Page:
February 4, 2004
Boundary changes "will stifle Scottish
By Jason Beattie and Andrew Denholm
LABOUR and the Tories were yesterday accused
of trying to stifle the smaller parties in the Scottish Parliament
after backing proposals to cut the number of MSPs elected by the
In a report yesterday, the Labour-dominated Commons Scottish
affairs committee came out in favour of keeping the size of the
parliament at 129, but also called for the retention of so-called
co- terminus boundaries, where MPs and MSPs share the same
If the recommendations are accepted, it would mean two MSPs for
each of the 59 Westminster constituencies, with the remaining 11
being elected from the list. The proposals, backed by Labour and
Conservative MPs on the committee, provoked a furious reaction
from smaller parties in Scotland, who said any reduction in the 56
list MPs would undermine the parliamentĺ─˘s democratic mandate.
In a further snub to the Holyrood institution, the MPs recommended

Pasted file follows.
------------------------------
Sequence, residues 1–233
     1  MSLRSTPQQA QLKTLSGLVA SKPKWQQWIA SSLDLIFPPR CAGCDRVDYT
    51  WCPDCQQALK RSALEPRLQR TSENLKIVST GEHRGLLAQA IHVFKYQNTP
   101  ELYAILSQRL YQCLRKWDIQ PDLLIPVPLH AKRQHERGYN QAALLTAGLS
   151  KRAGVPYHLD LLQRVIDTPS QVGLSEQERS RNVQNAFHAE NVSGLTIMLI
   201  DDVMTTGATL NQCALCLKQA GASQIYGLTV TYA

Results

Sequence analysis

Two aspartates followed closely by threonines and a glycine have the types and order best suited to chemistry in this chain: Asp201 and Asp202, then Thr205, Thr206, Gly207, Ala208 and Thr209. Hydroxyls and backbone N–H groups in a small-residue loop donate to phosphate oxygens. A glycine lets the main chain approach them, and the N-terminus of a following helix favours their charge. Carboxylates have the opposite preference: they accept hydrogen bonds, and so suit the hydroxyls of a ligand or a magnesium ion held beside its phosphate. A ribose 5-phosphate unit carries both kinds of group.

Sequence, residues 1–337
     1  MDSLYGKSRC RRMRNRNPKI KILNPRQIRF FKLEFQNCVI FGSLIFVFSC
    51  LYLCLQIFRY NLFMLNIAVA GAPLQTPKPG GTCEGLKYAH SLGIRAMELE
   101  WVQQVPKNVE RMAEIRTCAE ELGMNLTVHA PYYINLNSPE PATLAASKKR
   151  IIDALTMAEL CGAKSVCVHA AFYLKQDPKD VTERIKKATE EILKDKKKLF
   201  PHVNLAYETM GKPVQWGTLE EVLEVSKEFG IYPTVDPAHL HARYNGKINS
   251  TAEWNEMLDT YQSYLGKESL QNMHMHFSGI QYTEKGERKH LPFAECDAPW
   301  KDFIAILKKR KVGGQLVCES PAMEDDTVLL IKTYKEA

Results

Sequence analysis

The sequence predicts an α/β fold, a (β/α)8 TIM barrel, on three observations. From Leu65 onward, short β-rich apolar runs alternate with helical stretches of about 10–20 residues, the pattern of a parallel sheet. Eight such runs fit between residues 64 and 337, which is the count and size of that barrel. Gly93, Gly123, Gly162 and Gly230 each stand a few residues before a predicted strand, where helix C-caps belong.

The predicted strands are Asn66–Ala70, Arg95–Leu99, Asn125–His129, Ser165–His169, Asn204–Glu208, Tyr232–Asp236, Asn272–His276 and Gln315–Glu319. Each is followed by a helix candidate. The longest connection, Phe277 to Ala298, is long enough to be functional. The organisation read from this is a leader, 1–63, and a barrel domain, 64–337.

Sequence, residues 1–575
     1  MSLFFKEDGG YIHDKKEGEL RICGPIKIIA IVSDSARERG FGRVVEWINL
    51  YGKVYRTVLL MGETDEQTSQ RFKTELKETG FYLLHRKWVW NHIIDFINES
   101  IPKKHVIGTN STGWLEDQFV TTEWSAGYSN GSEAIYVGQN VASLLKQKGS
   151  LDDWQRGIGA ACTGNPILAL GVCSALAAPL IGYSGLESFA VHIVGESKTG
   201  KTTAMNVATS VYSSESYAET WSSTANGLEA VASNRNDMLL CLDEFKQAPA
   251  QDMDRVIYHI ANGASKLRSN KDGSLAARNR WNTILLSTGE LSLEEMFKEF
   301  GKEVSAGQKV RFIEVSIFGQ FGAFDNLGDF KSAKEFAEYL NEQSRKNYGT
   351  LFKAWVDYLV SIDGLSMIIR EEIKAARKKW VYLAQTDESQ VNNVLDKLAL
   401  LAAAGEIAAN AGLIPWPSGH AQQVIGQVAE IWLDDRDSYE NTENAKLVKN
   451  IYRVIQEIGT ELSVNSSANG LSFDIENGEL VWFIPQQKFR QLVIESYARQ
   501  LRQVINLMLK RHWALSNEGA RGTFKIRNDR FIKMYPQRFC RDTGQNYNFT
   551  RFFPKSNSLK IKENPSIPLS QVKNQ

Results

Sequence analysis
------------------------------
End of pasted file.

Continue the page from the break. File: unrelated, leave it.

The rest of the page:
that the final decision on all such constitutional issues should
be made in Westminster by the Secretary of State for Scotland, and
not in Edinburgh.
The Green Party claimed the report showed the old-style parties
were panicking in the face of democracy breaking out in Scotland.
Mark Ballard MSP, the Green spokesman on parliamentary business,
said the Scottish people would see through this attempt at
Bruce Crawford, an SNP MSP, said the proposals flew in the face of
all democratic principles. "The only body with the democratic
legitimacy to decide on reform is the Scottish Parliament
itself," he said.
Meanwhile, in the Scottish Parliament, Andy Kerr, the finance
minister, denied plans to change the voting system for local
councils in Scotland was a political fix cooked up by Labour and
the Liberal Democrats after the last election.
Mr Kerr, a Labour MSP, and his deputy, Tavish Scott, a Liberal
Democrat, were questioned by Holyroodĺ─˘s local government
The committee is scrutinising the Scottish Executiveĺ─˘s Local
Governance Bill, which seeks to introduce the single transferable
vote method of proportional representation for council elections.
Labour back-benchers and councillors have voiced opposition to the